One solution for dealing with a distressed business may be to renegotiate terms. For example, companies may be able to renegotiate terms to shorten payment terms, improve termination provisions or strengthen retention of title provisions.

In other cases, it may be better for the company to provide support and reduce the immediate financial pressure on the distressed business providing a sufficient degree of trust still exists.


If a critical supplier or key customer enters a formal insolvency process, the company will need to assess the impact on its own business and move quickly. Companies should take early advice on the implications of a critical supplier or key customer’s insolvency.

If an exit strategy has not already been put in place, the company should look at the contractual documentation to identify the best course of action. If the contract does not provide for the contract to automatically terminate in the event of insolvency or give the company the option to terminate, the contract will remain in place and may be enforced by any insolvency practitioner appointed.

Depending on the type of insolvency process the supplier or customer has entered, there are a number of additional issues that the company will need to consider.

If a supplier or customer enters administration, the statutory moratorium will prevent the company from taking certain actions (including legal proceedings) against the distressed business without the consent of the administrator or permission from the court. The moratorium will not prevent the company from enforcing its contractual rights (including termination rights and retention of title) providing these rights can be enforced without commencing legal proceeedings.

The most typical outcome of administration is a sale of all or part of the business to a third party so if title has been retained, steps should be taken to retrieve the goods as quickly as possible before any sale. If the business continues to trade, the third-party buyer may wish to retain the company’s business moving forward and may be open to negotiations about previous incomplete orders, so early enquiries should be made.

Companies should also consider what practical steps can be taken to secure and protect the supply chain. If a critical supplier has entered insolvency, the risk to the supply chain may be reduced or removed if the company can find a viable alternative supplier. If a new supplier is identified, the company will need to consider delivery periods for any resupply and consider how these fit in with existing orders or commitments. If a new supplier is not identified, the company may also wish to consider the possibility of purchasing all or part of the supplier’s business to ensure continued supply. Where this is a possibility, the company should enter into negotiations with the appointed insolvency practitioner quickly.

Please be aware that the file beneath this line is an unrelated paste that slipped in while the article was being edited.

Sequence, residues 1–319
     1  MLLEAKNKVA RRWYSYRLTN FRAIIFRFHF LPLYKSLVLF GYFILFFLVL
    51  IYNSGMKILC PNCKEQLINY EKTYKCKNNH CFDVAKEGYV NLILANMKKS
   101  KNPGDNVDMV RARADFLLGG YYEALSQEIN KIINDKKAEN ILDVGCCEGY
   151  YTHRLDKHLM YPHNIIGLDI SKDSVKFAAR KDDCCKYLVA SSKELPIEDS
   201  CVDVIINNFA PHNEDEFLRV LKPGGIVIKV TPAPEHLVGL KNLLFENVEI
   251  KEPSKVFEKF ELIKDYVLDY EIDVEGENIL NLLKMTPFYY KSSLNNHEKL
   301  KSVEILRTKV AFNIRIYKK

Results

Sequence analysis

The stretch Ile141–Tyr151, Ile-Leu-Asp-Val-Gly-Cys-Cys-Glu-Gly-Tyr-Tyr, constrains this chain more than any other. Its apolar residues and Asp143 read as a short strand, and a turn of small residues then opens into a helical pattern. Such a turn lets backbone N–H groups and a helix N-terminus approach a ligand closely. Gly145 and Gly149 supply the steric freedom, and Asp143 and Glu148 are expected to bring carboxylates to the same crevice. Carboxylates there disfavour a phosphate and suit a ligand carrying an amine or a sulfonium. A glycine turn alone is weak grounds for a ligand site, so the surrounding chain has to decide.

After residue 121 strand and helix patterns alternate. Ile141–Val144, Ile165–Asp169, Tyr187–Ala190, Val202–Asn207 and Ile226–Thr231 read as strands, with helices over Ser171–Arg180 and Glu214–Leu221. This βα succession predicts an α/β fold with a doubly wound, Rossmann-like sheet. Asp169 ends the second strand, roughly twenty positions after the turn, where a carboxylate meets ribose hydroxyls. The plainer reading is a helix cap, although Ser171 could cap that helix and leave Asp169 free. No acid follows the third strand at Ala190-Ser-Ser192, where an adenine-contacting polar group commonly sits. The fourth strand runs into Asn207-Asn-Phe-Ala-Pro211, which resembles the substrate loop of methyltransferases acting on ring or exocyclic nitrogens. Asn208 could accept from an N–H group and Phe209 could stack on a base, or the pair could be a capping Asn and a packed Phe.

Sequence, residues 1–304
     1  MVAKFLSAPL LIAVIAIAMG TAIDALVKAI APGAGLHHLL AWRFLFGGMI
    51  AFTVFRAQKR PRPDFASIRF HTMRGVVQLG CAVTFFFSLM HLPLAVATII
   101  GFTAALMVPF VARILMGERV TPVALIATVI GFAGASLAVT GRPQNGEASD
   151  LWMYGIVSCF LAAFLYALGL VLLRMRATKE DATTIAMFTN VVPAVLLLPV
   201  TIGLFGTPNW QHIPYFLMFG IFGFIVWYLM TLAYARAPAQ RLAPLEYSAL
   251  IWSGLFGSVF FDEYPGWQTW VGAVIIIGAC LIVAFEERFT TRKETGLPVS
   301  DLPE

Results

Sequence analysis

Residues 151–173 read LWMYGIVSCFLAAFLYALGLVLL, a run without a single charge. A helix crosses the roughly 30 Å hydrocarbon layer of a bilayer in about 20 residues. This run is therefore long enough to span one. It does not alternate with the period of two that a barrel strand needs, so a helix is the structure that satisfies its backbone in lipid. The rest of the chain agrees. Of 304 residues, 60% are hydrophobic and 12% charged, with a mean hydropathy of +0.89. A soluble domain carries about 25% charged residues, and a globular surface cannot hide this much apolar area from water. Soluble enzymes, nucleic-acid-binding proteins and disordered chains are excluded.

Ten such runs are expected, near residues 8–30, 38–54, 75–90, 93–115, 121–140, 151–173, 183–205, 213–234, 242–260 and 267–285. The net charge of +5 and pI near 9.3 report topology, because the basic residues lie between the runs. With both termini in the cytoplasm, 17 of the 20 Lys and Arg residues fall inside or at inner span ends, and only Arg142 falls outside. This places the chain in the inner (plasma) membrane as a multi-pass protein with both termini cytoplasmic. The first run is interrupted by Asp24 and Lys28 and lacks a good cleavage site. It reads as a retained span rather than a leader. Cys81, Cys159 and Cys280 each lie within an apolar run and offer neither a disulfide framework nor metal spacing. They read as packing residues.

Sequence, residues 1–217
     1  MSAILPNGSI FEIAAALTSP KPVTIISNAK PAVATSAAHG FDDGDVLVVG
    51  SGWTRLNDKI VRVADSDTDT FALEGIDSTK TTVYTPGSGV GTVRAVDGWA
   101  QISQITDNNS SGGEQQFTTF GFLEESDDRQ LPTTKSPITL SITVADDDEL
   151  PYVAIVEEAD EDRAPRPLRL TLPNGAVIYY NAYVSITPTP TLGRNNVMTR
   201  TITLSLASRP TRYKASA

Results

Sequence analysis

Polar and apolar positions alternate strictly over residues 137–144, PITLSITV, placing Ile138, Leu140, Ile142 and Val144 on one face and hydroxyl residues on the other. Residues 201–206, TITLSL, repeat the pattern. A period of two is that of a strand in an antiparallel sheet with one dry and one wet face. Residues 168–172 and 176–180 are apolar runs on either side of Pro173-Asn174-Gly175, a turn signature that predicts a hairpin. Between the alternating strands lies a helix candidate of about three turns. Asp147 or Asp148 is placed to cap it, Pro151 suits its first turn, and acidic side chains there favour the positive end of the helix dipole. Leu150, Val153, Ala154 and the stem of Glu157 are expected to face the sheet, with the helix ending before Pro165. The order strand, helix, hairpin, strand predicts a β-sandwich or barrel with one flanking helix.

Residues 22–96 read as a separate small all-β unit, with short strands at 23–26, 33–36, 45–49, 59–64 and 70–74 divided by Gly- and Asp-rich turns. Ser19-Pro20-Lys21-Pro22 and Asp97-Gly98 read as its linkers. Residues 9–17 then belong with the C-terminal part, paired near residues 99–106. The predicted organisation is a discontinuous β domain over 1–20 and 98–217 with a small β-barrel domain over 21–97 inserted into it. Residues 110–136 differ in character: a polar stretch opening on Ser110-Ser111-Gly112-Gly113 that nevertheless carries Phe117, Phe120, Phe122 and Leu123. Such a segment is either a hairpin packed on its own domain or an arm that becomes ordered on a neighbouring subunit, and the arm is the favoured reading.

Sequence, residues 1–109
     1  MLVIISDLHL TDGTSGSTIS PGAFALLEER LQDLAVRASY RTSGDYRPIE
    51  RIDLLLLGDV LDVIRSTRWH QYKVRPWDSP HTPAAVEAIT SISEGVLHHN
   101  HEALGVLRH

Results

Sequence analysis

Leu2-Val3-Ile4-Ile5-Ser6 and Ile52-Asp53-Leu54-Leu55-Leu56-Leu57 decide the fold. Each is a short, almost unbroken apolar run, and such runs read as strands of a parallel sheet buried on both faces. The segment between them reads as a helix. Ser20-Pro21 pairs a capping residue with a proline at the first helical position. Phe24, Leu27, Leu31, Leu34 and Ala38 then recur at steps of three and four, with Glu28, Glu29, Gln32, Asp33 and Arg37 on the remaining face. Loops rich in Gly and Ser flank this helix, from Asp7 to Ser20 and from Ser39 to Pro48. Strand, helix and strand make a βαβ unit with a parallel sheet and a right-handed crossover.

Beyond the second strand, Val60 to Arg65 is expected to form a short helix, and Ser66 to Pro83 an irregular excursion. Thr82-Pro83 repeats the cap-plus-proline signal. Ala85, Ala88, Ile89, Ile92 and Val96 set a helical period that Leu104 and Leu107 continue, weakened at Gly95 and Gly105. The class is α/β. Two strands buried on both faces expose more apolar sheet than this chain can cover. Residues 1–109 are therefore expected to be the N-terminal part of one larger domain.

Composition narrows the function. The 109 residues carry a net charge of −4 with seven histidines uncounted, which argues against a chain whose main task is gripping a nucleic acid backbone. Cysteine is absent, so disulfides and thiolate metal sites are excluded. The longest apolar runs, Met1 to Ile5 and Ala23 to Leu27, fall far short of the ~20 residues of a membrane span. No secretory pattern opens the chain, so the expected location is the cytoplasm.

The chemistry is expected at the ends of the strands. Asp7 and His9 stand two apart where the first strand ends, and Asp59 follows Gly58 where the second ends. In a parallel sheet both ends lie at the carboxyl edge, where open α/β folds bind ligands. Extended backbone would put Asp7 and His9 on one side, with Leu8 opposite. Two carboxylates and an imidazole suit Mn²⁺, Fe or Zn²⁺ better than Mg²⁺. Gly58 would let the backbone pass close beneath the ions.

If a supplier goes into formal insolvency proceedings and the company has paid for goods which have not yet been delivered, unless the company can 
show title of the goods has passed, it is unlikely that the goods will be returned or that the company will be refunded any money paid in advance. The liquidator or administrator will only pay back a deposit if there are sufficient funds available and that is unlikely to be the case in an insolvency situation. It is far more likely that the company will rank as an unsecured creditor. The company should also be mindful of the fact that it will still 
be liable to pay any outstanding invoices 
for delivered goods or services, unless 
there are grounds to make a counterclaim or dispute the invoices.

Insolvency within the supply chain continues to present a real risk to businesses and dealing with this issue can be a time consuming and costly process. However, by identifying critical suppliers and key customers now and adopting careful planning businesses, can greatly reduce their exposure to this risk.

By Rachel Brown, associate, Druces LLP.